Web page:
A Year Of Mass Shootings, Plus 'Minari' and Recognition For Asian Actors : It's Been a Minute with Sam Sanders It might have seemed like mass shootings were down last year, but 2020 was actually one of the deadliest years for gun violence in decades. Sam talks to Abené Clayton, reporter for The Guardian, about why some shootings get more coverage than others. Plus, Sam talks to Shirley Li, staff writer at The Atlantic, about Minari and the way stereotypes inform how white audiences view the performances of Asian actors. Then, Hannah Giorgis, also of The Atlantic, joins Sam and Shirley to play Who Said That.

You can follow us on Twitter @NPRItsBeenAMin and email us at samsanders@npr.org.
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Gun Violence Never Went Away, Plus The Overlooked Talent Of Asian Actors

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Gun Violence Never Went Away, Plus The Overlooked Talent Of Asian Actors

Gun Violence Never Went Away, Plus The Overlooked Talent Of Asian Actors

Gun Violence Never Went Away, Plus The Overlooked Talent Of Asian Actors

  • Download
  • <iframe src="https://www.npr.org/player/embed/981164044/981748994" width="100%" height="290" frameborder="0" scrolling="no" title="NPR embedded audio player">
  • Transcript

Star Samkus, who works at the King Soopers grocery store and knew three of the victims of a mass shooting at the store a day earlier, cries while kneeling in front of crosses placed in honor of the victims, Tuesday, March 23, 2021, in Boulder, Colo. David Zalubowski/AP hide caption

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David Zalubowski/AP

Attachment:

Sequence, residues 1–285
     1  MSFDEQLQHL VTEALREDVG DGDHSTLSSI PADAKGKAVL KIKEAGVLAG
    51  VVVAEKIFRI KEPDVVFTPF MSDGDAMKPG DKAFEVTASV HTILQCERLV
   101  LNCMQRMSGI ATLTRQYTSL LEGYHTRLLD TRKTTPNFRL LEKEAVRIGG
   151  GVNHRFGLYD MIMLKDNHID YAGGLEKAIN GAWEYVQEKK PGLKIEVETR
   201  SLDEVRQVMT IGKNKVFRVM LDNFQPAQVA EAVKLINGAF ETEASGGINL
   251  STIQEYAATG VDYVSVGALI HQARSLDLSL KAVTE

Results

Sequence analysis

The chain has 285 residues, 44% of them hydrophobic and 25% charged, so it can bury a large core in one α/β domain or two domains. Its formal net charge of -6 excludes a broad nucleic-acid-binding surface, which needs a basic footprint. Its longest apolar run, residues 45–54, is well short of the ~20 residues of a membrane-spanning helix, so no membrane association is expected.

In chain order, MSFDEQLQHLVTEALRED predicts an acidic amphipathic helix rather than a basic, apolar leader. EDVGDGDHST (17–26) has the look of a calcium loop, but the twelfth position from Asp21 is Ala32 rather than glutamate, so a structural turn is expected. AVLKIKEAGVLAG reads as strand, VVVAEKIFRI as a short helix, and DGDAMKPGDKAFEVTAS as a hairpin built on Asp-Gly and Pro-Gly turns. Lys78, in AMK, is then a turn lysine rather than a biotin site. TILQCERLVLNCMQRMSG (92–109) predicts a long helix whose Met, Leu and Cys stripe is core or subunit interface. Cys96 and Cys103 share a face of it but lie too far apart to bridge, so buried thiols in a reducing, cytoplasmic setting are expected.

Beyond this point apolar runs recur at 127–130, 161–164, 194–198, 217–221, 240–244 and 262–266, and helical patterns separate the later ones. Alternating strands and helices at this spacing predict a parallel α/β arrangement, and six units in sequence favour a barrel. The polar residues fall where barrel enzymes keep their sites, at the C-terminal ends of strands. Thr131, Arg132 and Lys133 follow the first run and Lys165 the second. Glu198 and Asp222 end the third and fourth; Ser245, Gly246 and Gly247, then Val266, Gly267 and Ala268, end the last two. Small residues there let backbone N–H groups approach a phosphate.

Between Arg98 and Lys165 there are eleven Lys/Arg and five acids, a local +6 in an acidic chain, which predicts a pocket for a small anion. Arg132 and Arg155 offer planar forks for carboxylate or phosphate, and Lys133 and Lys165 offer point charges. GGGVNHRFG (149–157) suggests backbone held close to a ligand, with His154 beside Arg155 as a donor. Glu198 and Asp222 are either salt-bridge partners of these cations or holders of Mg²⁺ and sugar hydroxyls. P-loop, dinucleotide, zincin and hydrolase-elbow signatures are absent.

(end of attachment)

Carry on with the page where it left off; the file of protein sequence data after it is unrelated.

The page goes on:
Star Samkus, who works at the King Soopers grocery store and knew three of the victims of a mass shooting at the store a day earlier, cries while kneeling in front of crosses placed in honor of the victims, Tuesday, March 23, 2021, in Boulder, Colo.

David Zalubowski/AP

It might have seemed like mass shootings were down last year, but 2020 was actually one of the deadliest years for gun violence in decades. Sam talks to Abené Clayton, reporter for The Guardian, about why some shootings get more coverage than others.

Plus, Sam talks to Shirley Li, staff writer at The Atlantic, about Minari and the way stereotypes inform how white audiences view the performances of Asian actors.

Then, Hannah Giorgis, also of The Atlantic, join Sam and Shirley to play Who Said That.

This episode of 'It's Been a Minute' was produced by Jinae West, Andrea Gutierrez and Sylvie Douglis. Our intern is Liam McBain. Our editor is Jordana Hochman. Our director of programming is Steve Nelson. You can follow us on Twitter @NPRItsBeenAMin and email us at samsanders@npr.org.